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Insurance Industry Tactic Pays Off

Despite the considerable expense, use of referendum to override Legislature's work could inspire similar efforts, observers say.


SACRAMENTO — Legislators and government scholars fear that a daring, highly successful gamble by America's largest insurance companies to overturn right-to-sue laws using Tuesday's ballot will inspire similar efforts by big-money interests to kill laws they don't like.

Skillfully using a Populist 1911 referendum formula created to give citizens a voice in government, the insurance industry defeat of Propositions 30 and 31 was a direct slap at the California Legislature's main function--writing and passing laws.

And the industry's success against a formidable rival, the state's trial lawyers, adds yet another layer to California's already complicated lawmaking process. From now on just because an elected, representative Legislature debates and passes a law does not mean the battle is over.

Political scholars say the insurance effort forms a blueprint for other well-monied interests to bypass the Legislature and go directly to the public.

"In terms of a new twist in the whole direct democracy game, this is it," said Ted Lascher, associate professor in the graduate program in public policy and administration at Cal State Sacramento.

The laws that prompted the industry to embark on a bold strategy to nullify the actions of the Legislature were two measures passed in 1999 extending to injured automobile accident victims the right to sue an at-fault driver's insurance company if it didn't settle quickly or satisfactorily.

The industry spent $30 million gathering signatures to qualify the measures for the ballot as referendums. In California, a referendum gives voters the power to approve or reject a law passed by the Legislature and signed by the governor.

Once the issue was on the ballot, the industry spent an additional $20 million on a campaign to defeat the measures that hammered away at a single theme--the measures would substantially increase insurance rates. Trial lawyers, who represent injured parties in lawsuits and stood to gain millions if the measures passed, spent $6.5 million on an opposing campaign.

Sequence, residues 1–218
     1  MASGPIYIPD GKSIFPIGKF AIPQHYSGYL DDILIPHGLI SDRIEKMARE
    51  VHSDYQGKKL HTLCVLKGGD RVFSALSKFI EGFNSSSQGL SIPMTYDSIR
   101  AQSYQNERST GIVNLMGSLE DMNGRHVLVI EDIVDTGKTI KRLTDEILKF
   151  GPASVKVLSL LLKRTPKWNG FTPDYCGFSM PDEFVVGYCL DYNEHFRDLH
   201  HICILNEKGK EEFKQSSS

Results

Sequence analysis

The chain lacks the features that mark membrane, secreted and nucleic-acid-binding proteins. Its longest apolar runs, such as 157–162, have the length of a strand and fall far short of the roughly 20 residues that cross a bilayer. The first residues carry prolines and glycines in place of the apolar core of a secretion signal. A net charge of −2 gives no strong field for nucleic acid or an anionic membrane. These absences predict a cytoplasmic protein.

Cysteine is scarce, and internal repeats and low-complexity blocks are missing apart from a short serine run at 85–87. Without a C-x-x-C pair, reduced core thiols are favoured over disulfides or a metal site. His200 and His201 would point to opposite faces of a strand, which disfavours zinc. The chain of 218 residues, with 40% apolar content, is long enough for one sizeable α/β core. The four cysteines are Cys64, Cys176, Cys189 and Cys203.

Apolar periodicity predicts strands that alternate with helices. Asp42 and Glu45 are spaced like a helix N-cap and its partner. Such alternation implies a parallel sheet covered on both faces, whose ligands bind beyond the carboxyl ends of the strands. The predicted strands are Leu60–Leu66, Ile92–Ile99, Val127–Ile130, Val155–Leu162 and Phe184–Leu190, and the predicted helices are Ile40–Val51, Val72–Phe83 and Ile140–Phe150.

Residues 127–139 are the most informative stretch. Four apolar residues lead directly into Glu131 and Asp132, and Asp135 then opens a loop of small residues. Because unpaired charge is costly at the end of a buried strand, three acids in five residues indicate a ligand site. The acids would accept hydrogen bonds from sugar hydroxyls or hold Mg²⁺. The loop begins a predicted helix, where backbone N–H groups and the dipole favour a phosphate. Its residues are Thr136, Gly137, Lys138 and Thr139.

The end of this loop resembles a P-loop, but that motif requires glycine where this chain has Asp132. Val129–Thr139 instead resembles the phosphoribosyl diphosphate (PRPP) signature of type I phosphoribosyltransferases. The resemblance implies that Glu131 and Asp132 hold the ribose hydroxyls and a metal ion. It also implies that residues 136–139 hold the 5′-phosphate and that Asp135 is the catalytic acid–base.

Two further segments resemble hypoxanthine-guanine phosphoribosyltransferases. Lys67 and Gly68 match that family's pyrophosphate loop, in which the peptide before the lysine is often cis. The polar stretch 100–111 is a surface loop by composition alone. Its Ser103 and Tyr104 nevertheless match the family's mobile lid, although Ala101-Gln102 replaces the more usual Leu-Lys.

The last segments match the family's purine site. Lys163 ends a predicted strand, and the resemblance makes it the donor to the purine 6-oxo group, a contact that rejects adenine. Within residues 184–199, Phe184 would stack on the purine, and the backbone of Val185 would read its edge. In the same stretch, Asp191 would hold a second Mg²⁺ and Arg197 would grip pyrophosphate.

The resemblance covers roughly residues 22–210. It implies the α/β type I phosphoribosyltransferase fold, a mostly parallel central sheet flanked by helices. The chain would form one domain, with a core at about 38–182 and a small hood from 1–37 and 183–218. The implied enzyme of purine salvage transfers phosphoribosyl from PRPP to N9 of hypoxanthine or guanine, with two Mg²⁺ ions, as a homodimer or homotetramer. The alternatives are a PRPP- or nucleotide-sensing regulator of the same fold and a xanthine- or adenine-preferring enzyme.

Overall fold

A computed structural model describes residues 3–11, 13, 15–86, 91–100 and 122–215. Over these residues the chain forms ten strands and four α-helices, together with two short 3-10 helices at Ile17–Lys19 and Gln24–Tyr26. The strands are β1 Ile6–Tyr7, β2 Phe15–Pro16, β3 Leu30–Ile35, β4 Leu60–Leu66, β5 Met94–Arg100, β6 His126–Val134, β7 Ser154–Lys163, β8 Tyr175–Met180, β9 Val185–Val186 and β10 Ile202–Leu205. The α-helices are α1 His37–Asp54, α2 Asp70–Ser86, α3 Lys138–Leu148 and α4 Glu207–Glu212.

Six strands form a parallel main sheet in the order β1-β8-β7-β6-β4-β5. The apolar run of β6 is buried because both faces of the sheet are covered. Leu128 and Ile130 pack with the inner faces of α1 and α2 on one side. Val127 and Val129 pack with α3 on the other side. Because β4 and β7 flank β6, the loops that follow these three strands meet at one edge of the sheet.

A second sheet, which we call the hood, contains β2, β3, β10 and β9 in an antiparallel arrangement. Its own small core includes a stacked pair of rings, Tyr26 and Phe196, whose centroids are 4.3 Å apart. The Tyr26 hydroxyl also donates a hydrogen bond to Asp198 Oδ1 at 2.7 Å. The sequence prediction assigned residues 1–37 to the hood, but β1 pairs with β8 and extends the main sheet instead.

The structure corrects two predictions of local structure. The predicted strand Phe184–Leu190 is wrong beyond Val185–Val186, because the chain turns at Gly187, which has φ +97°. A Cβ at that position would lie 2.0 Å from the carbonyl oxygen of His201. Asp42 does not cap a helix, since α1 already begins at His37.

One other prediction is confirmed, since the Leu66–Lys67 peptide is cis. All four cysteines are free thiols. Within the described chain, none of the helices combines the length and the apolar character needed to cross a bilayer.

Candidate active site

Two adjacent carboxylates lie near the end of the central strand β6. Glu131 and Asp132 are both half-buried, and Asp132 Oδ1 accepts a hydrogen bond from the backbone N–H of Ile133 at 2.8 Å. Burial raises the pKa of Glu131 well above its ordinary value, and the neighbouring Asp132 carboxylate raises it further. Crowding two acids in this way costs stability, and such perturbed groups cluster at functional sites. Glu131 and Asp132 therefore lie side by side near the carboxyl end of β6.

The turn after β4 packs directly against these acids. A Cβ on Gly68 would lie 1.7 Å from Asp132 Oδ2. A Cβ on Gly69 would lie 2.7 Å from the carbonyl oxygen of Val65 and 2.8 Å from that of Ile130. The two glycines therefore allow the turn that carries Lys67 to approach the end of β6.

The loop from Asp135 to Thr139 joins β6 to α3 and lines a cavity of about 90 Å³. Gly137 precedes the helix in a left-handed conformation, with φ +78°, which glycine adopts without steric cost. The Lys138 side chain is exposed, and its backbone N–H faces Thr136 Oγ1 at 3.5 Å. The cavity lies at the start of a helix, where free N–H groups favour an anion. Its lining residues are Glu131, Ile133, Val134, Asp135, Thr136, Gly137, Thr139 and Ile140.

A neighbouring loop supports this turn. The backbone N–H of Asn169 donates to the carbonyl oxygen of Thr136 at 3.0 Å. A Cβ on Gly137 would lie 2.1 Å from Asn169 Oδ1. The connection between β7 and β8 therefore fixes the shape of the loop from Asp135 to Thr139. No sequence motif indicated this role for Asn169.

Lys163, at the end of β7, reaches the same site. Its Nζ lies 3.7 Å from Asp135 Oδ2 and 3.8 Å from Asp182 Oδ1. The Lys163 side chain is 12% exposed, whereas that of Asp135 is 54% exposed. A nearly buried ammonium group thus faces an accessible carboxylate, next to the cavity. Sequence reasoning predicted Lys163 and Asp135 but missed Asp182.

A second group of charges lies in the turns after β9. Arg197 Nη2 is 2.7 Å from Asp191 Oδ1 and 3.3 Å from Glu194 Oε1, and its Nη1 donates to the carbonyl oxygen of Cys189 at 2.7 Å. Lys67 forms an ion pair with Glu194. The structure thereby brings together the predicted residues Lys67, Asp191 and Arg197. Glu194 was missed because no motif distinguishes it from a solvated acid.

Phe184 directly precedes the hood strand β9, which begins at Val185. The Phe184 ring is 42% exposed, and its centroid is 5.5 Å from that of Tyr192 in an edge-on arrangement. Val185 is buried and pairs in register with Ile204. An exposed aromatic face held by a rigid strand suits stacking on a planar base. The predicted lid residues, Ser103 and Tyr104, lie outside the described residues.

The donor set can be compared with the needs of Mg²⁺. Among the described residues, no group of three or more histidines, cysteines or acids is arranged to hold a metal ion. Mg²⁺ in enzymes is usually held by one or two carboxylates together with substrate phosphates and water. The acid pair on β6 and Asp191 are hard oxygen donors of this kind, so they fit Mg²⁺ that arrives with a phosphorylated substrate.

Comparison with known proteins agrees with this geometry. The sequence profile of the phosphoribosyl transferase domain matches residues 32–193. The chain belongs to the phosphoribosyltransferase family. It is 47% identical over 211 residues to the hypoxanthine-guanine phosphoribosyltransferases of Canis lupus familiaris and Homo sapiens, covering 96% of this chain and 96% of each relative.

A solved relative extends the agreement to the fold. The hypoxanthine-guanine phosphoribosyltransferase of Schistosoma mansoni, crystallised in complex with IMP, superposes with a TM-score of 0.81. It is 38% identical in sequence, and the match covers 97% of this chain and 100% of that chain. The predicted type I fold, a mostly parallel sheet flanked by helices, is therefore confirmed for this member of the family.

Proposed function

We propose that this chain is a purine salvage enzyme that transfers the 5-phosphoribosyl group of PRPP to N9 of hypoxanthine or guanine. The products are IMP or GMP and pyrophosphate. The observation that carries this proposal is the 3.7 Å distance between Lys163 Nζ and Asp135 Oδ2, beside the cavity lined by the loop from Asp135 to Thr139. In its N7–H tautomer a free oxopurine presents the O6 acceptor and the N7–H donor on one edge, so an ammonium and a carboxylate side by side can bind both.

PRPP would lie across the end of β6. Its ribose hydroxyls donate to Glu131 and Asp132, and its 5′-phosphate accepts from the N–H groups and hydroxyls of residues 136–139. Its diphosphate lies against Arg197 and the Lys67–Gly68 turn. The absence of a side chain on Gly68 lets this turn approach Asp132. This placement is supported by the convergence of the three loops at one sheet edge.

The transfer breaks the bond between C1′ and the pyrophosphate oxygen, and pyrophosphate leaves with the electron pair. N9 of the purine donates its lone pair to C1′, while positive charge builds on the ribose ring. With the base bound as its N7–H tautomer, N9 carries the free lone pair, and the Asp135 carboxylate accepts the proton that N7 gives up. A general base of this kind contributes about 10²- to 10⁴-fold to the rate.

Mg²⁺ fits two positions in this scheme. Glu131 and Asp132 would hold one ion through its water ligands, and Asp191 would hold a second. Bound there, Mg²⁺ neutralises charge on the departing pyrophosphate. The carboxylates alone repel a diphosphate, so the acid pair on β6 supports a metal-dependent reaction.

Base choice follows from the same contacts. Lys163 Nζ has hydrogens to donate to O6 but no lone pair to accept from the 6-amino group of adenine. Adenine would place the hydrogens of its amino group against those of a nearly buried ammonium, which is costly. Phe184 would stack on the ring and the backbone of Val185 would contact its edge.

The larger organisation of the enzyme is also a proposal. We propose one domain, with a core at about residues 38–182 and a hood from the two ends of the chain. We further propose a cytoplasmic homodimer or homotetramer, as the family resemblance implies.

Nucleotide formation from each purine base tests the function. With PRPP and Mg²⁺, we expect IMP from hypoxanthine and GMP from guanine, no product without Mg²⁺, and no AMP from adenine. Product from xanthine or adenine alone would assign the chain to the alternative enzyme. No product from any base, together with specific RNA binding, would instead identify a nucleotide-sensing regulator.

On Tuesday the voters rejected both propositions by more than a 2-1 margin.

A disappointed Sen. Martha Escutia (D-Whittier), who had sponsored the original legislation, complained that the vote eroded the authority of the Legislature and would encourage other special interests to use the referendum process to nullify laws.

"I think the dam has broken and I do think we will see more of this," she said. "What happens if we pass HMO reform or even serious gun control legislation? Don't you think the NRA [National Rifle Assn.] is going to come into town and say, 'Oh well, we don't like that, we're going to put it on the ballot.' "

Escutia said she hasn't decided if she will attempt to pass legislation that would reinstate the right to sue an at-fault driver's insurance company but she conceded that its chances of passage would be slim. "If I come back with an identical measure, I suspect other senators are going to laugh me out of their offices," she said.

John Allswang, emeritus professor of history at Cal State L.A. and the author of books on the initiative and referendum process, said the resounding success of the insurance industry's strategy is likely to rekindle interest in referendums--a procedure that until Tuesday's election had not been used since 1982.

Since the introduction of the referendum by Hiram Johnson, a Populist governor who ran against domination of politics by the railroad companies, Allswang said it has been used 39 times in California but most frequently in the decade between 1911 and 1921.

"Political law firms certainly watch this stuff because it's where they make their money," Allswang said. "It wouldn't surprise me if they didn't start advising these big interests to go this route again."

He said the insurance industry's use of the device was particularly interesting because in the campaign it was rarely mentioned that Propositions 30 and 31 were actually laws that had been passed by the Legislature and were now being presented to the voters for consideration.

"I might question a bit trying to cloak the fact that it was a law the Legislature passed," he said.

Dan Dunmoyer, president of the Personal Insurance Federation of California and a strategist for the insurers, acknowledged that the industry's success is likely to spawn imitators but he disagreed that it would ever be widely used.

He said the cost of mounting campaigns and the difficulty in gathering signatures in the short time period prescribed by the process would not make it a very attractive procedure to many groups.

But he disagreed with those who viewed the industry's use of the process as a slap at representative government.

"Is there any issue the voters of California shouldn't have an opportunity to vote on?" he asked. "If it doesn't withstand the scrutiny of public debate then the voters should be able to say 'no thank you.' "

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